$55M fraud scheme earns 84 months in prison

Involvement in a $55 million health fraud scheme earned a medical clinic owner 84 months in prison. She pleaded guilty in October 2015 to using her two Brooklyn, New York-based clinics, Prime Care on the Bay LLC and Bensonhurst Mega Medical Care PC to submit false and fraudulent claims to Medicare and Medicaid.

Scheme

According to the guilty plea, the owner and various co-conspirators paid kickbacks to induce patients to come to the clinics. She then submitted false claims for services induced by these kickbacks or provided by unlicensed staff. She also wrote checks from the clinics’ accounts to third-party companies that were ostensibly vendors, but were actually not providing services. These payments were used to generate cash for the kickbacks. The owner was ordered to forfeit over $29 million.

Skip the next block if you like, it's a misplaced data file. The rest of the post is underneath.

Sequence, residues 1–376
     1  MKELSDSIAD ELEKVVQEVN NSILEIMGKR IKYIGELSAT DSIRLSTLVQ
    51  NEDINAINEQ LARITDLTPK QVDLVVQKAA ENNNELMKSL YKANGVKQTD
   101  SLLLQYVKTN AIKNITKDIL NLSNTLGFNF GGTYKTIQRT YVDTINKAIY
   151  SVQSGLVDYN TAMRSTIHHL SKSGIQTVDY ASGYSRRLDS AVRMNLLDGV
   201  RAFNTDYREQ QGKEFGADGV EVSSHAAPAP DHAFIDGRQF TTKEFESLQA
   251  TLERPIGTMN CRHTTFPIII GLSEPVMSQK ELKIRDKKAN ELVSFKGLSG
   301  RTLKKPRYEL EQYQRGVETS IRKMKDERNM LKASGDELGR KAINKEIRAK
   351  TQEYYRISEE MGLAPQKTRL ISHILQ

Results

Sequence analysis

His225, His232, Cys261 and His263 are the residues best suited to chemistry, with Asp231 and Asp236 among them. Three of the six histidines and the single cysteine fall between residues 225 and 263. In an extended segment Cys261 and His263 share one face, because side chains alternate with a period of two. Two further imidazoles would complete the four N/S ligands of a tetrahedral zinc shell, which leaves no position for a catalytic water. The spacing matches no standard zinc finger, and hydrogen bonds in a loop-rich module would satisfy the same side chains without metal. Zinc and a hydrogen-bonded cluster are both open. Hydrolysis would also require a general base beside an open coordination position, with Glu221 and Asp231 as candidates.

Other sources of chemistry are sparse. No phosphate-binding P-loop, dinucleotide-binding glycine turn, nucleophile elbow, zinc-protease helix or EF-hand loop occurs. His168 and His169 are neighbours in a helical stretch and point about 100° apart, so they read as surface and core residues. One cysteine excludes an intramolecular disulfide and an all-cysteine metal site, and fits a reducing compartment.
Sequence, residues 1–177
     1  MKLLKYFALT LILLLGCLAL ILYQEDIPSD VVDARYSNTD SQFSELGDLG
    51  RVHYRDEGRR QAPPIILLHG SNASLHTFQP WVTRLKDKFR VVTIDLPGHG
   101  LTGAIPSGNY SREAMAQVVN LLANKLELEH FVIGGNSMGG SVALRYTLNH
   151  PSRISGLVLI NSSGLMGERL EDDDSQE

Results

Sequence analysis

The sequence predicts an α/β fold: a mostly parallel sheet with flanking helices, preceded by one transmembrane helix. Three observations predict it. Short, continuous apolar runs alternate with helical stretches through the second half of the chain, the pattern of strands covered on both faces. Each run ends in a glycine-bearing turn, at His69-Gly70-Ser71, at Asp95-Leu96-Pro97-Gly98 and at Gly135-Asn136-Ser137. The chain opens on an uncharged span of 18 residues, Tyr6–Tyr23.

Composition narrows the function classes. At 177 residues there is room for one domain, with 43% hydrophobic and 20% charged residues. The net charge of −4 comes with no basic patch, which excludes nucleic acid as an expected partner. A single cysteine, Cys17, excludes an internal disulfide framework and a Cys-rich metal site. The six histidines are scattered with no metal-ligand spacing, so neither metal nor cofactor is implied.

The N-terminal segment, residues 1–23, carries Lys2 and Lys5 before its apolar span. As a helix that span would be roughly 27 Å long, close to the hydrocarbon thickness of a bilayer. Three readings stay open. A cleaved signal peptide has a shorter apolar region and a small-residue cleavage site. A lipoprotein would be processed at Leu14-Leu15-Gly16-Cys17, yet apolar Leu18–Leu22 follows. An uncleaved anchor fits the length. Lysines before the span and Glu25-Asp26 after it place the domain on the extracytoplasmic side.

Several other co-conspirators have pleaded guilty to their part in the scheme. These include the former medical directors of both clinics, six therapists, three drivers, a former patient who received kickbacks, and the owner of several of the vendor companies used to launder funds.

Feds allege 412 individuals responsible for $1.3B in Medicare fraud